The best time to trim your trees is the fall, right, because everything is dead already? Or is it best to wait until the winter because everything is brittle? Or should you wait until the tree has sprouted so that it has enough nutrients to heal itself? What about in the summer when trees are at their peak?

Questions about when to prune trees is quite common, especially in an area like Lynchburg where we have all of the seasons.

There isn’t a right answer as to when is the best time to prune “trees.” Each and every type of tree has a specific time when it is best to trim them – and sometimes it will depend on the trees themselves, where they are, and even the year.

Pruning trees is difficult, but here are some guidelines for the most common trees to plant in Lynchburg:

5. Kousa Dogwood: Once Blooming Complete

  • Pruning Dictates Flower Growth
  • Minimal Pruning is Best
  • Clean Pruning Tools Thoroughly Before and After

Since the Kousa blooms in the spring, you will want to prune after that is complete. New buds will develop over the growing season (summer), so you want to prune as early as possible so you have beautiful flowers next year. You can prune in the fall, if you want, but you won’t get many (if any) flowers the next spring.

Typically, minimal pruning is necessary to keep this tree healthy. Instead, focus on eliminating damaged or diseased branches. You can thin out the shrub if necessary, especially if you keep it in shrub form. Focus on allowing sunlight and air into the plant.

Cooperative Extension suggests cleaning your tools thoroughly to help prevent the spread of disease. Use only high quality tools that are lubricated for cleaner, more precise cuts.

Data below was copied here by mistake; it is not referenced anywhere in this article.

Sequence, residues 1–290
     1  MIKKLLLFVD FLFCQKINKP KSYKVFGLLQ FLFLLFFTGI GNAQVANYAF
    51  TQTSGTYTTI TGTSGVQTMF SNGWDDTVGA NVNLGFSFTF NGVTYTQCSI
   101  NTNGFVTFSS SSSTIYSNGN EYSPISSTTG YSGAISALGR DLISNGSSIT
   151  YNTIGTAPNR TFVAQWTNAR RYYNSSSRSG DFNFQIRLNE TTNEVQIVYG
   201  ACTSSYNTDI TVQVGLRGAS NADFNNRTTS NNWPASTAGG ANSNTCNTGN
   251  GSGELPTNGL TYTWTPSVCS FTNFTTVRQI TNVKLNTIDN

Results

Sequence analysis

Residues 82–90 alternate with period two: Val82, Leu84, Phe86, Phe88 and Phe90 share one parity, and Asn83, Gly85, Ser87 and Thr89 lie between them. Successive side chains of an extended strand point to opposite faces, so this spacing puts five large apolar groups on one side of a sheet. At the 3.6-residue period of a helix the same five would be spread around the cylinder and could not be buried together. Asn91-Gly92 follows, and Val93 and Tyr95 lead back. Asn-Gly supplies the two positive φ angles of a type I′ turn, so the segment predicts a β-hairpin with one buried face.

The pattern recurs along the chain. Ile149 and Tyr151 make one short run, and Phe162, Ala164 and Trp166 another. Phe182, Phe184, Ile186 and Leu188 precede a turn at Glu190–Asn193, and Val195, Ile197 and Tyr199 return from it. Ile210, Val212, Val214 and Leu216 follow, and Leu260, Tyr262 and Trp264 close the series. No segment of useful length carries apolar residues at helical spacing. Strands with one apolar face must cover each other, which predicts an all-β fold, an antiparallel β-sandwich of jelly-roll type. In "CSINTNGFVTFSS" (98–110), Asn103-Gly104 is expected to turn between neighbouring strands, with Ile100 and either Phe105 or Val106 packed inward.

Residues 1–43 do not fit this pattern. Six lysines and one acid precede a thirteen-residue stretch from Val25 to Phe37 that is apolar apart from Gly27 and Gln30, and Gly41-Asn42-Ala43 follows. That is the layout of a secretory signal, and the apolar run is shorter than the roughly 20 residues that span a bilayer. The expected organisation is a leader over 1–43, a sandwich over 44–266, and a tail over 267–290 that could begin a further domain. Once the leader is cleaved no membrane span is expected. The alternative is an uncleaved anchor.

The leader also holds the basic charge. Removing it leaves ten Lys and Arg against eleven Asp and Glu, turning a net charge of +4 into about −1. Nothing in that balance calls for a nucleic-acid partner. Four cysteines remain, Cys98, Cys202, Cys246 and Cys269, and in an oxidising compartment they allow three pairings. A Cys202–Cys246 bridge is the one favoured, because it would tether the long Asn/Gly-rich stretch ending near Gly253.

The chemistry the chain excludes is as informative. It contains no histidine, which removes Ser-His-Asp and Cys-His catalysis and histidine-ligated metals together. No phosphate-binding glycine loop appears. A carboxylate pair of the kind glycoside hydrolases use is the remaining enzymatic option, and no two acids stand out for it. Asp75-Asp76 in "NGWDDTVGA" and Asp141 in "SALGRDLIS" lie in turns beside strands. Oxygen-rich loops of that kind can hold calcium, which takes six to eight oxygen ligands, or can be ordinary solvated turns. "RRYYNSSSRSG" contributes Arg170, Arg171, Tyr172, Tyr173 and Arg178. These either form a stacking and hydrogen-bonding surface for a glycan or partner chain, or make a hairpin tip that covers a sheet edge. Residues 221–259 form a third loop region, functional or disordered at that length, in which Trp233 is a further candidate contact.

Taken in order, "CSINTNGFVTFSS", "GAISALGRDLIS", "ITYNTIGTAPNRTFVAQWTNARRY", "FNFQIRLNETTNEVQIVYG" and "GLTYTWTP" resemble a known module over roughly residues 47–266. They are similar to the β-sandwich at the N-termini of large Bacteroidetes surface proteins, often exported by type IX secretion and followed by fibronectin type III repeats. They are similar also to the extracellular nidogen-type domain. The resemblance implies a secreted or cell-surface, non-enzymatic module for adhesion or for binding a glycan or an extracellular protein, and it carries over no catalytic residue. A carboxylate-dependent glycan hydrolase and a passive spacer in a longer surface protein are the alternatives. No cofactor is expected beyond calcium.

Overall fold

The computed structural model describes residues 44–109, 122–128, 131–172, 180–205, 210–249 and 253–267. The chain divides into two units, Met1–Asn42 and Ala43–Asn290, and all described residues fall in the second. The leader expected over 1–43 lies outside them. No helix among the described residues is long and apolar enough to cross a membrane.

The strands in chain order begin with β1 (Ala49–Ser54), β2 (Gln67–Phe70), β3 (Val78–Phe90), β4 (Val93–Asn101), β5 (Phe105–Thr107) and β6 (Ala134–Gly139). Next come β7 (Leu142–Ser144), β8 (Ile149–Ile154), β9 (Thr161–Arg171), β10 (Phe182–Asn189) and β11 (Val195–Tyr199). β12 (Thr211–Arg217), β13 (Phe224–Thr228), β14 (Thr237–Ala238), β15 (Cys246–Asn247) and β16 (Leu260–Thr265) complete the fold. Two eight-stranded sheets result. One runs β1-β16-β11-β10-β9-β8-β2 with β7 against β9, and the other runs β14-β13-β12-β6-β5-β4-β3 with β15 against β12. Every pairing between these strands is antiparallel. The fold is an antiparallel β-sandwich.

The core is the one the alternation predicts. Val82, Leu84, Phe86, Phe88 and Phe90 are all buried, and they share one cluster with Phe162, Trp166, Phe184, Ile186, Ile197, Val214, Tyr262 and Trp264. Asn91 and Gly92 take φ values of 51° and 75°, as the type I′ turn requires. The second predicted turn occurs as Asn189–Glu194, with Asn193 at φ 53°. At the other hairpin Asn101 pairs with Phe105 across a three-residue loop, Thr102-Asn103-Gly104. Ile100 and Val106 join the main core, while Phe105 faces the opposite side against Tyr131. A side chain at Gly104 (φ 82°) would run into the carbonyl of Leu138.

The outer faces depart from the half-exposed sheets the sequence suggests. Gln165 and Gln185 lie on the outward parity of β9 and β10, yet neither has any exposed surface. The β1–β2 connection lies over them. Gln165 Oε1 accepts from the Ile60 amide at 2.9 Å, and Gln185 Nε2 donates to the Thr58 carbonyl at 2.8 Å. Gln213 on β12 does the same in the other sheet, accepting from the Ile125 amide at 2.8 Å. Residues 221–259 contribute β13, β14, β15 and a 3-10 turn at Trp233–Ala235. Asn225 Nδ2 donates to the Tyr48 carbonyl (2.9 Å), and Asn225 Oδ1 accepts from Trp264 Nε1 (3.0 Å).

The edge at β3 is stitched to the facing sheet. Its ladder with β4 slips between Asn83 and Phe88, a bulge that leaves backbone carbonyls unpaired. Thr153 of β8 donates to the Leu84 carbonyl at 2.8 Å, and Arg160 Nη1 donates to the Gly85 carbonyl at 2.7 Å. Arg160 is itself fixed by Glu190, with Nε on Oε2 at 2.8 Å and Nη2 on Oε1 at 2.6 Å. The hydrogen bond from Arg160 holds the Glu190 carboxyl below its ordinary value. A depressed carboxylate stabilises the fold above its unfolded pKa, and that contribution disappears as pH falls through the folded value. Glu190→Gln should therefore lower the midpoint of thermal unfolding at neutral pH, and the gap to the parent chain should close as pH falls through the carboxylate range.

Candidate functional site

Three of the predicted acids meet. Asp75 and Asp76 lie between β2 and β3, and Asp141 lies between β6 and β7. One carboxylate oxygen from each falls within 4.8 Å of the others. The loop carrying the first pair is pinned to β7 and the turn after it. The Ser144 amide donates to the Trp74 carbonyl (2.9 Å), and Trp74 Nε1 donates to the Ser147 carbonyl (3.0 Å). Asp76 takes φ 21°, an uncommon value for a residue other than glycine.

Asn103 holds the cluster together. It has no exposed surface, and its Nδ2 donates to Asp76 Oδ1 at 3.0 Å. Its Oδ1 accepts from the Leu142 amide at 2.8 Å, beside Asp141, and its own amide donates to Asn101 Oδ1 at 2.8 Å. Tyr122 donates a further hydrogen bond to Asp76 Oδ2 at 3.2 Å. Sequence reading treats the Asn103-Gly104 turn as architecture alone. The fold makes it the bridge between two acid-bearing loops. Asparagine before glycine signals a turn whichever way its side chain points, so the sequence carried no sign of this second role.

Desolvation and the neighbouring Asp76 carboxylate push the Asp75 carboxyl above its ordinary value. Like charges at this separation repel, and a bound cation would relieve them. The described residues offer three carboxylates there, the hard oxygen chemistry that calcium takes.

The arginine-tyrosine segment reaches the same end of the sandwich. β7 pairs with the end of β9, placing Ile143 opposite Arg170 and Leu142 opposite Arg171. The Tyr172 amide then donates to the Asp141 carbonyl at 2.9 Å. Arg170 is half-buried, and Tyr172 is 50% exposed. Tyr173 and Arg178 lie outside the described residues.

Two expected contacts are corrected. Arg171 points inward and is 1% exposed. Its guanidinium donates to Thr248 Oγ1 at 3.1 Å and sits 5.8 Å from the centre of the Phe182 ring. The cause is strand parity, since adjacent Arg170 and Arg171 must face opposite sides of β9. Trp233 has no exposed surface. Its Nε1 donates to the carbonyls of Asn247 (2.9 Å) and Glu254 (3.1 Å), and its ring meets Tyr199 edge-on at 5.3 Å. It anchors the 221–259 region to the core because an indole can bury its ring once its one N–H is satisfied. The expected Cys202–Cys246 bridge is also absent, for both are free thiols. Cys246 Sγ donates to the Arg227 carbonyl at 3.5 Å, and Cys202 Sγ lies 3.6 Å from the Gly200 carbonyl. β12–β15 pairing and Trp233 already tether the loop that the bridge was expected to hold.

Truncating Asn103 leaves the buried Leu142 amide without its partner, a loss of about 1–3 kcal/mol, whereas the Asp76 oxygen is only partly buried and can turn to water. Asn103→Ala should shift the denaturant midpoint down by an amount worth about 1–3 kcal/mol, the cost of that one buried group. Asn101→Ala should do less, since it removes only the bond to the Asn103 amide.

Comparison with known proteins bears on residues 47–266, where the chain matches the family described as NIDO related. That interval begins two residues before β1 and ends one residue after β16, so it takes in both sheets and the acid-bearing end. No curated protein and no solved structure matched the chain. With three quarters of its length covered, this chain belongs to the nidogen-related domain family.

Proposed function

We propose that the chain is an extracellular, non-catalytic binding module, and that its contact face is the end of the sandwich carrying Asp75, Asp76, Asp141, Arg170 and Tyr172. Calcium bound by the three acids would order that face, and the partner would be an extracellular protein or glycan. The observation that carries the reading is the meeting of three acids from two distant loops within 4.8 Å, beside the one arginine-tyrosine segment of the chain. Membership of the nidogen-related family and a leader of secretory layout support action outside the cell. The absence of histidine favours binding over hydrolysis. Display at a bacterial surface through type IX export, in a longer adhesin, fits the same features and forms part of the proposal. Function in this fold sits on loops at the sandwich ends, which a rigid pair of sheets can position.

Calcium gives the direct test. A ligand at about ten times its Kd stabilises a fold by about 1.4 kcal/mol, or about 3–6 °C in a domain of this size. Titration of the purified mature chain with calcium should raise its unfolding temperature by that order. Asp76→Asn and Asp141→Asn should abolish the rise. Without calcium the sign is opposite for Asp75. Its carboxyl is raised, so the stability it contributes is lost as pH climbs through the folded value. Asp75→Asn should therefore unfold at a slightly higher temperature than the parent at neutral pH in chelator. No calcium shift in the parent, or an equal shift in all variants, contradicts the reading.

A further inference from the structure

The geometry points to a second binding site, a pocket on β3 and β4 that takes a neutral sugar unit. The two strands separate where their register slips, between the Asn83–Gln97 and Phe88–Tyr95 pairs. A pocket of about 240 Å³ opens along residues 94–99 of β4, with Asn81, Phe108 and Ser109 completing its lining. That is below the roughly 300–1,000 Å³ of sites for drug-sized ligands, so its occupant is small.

4. Fringetree: Late Spring

  • Aim for After Blooming
  • Doesn’t Require Much Pruning
  • Sterilize Tools Between Main Branches

Since Fringetrees grow so slowly, most people are afraid of actually pruning them. however, you do need to do a little pruning every year just to help them stay strong and shape them. Younger trees sometimes need to be trimmed into a tree shape instead of a shrub, especially if you planted the tree extremely young.

Make sure to keep two or three main stems when pruning.

Fungal diseases, like powdery mildew or leaf spot, are possible, especially if you keep the tree somewhere moist. Make sure to keep your eye on these, but you don’t always have to prune to take care of the problem.

According to the Bernheim Arboretum, “Flowers are produced on 2nd-year wood, so care must be taken when pruning to allow for the next year’s flowering.”

3. American Yellowwood: Summer

  • Only Prune As Necessary
  • Be Prepared For Heavy Sap
  • Will Vary By Year

Pruning the American Yellowwood can be a dirty task – the amount of sap and debris that will fall is astonishing. The next few weeks will be quite sappy as well as the tree tries to heal itself. That is why it is recommended that you only prune as much as you need to, and not any more.